Aging is a fact of life. In farming, it is also a fact of the industry.
In 2017, farm producers in the United States were, on average, 57.5 years old according to the U.S. Department of Agriculture Census of Agriculture. This is older than the average age of 56.3 that the census recorded in 2012.
The same is true in Maine. Even with the growth in numbers of young farmers, the average age of Maine farmers still increased according to that same census, from 55.1 years old in 2012 to 56.5 years old in 2017.
Unlike other occupations, though, aging farmers may not end their careers with retirement.
“Our whole population is aging, but farmers are not the kind of people who retire,” said Richard Brzozowski, project director for Maine AgrAbility, a non-profit collaboration with the University of Maine Cooperative extension that assists people working on farms, fisheries and forestry careers while aging or managing chronic illness or disability.
Just because you are getting older doesn’t mean your farm career has to end. However, there are certain inevitable changes that are better to address head-on for the sake of health, safety and — ultimately — the wellbeing and longevity of your business. Here are a few steps aging farmers can take right away to help manage the transition into this next stage of life.
Meet with your family
Farming is often a family enterprise. Scheduling a family meeting to discuss any changes in your role on the farm will keep loved ones — and business partners — informed and engaged.
“Have the key members of the family meet together and talk about the situation,” Brzozowski said. “It’s sort of like a family decision of who’s doing what. A family meeting might be the best thing to start with because you start the conversation.”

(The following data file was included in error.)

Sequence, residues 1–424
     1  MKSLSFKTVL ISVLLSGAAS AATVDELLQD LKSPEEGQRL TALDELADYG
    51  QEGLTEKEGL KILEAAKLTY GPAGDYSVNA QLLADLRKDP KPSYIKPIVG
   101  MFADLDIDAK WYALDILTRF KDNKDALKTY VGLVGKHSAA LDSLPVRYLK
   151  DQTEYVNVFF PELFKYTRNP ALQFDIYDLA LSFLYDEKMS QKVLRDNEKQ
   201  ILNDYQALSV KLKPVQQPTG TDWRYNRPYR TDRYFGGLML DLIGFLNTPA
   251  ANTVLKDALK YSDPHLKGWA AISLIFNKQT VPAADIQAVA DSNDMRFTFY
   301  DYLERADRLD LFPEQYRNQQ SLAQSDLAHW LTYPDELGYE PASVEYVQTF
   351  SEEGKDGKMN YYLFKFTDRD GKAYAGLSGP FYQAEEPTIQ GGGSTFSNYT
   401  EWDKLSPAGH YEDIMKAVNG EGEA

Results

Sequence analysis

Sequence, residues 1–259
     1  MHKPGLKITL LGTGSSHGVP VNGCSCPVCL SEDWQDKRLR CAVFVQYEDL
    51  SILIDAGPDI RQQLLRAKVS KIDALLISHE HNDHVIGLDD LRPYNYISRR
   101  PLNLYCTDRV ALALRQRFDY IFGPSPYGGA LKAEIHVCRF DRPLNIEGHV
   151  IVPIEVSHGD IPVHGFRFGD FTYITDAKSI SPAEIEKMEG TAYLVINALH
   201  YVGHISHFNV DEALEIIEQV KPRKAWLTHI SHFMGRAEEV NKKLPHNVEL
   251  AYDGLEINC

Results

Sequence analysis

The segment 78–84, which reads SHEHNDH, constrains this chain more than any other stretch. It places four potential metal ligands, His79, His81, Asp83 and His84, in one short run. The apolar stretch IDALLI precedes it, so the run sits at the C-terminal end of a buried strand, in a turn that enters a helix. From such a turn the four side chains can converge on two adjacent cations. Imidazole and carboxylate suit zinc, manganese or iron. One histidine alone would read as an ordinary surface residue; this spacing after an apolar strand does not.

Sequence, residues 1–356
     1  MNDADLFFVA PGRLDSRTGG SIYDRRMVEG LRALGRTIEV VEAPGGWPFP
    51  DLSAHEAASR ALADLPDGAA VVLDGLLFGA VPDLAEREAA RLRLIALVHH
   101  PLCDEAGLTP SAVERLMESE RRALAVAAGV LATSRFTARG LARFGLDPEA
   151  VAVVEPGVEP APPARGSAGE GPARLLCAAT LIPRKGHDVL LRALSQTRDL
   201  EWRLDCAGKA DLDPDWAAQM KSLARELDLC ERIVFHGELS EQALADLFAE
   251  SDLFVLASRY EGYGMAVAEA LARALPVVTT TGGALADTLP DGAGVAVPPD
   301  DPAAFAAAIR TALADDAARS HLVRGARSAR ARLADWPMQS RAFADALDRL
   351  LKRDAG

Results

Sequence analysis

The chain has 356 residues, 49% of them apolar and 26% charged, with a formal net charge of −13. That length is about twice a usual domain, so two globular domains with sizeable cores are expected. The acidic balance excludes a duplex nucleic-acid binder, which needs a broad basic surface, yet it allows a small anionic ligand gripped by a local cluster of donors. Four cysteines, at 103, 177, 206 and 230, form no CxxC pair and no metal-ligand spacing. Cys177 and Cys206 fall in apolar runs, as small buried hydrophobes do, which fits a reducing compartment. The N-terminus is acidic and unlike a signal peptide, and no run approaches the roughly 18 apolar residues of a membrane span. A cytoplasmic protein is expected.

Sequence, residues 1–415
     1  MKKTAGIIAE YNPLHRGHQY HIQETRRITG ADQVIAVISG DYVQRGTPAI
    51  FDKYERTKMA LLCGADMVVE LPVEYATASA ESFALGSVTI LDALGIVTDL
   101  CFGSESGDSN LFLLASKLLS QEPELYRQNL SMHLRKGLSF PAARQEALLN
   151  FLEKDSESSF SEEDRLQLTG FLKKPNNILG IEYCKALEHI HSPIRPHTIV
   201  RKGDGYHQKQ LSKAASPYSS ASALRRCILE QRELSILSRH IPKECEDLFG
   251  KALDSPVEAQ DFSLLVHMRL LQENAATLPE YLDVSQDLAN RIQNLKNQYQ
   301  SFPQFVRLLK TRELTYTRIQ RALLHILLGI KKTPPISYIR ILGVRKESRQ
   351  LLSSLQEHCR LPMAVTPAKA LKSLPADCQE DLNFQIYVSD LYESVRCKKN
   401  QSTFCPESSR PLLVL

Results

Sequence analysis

After that first meeting, plan to check in on a regular basis — such as daily check-ins in the morning or weekly meetings to discuss the goals for the week — to help encourage accountability as it relates to your safety.
On the flip side, family members discussing the changes in operations should be considerate when they approach the topic.
“You have to be tactful when approaching people who are older so they can still have a role to play,” Brzozowski said.
Brzozowski suggested opening the conversation like this: “We care about you and we want to include you in the farm, but there are things that are too dangerous for you to keep doing. Let’s make some changes so you’re around for a long time.”
Honestly evaluate — and abide by — your physical limits
As you age, health and safety should be your priorities. Knowing your physical limits and respecting them is essential to avoiding injuries around the farm. Set up resting stations around the farm with seats and benches and use them to pace yourself. Take breaks when you’re tired, and accept that the length of your workday should decrease as you get older.
Brzozowski said knowing your physical limits is especially important for lifting tasks. Refrain from lifting heavy objects. Simple machines like levers, pulleys, inclined planes, wheels and axles can help you complete applicable tasks without overexerting.
Don’t be afraid to ask for help from others in accomplishing physical tasks or just accompanying you on the job to ensure you have back up. This is also a great opportunity to teach the next generation what you know about farming.
Also, your reaction time might be declining, so don’t put yourself in dangerous situations, like handling animals that are larger than yourself. Consider carrying a cane for support or protection.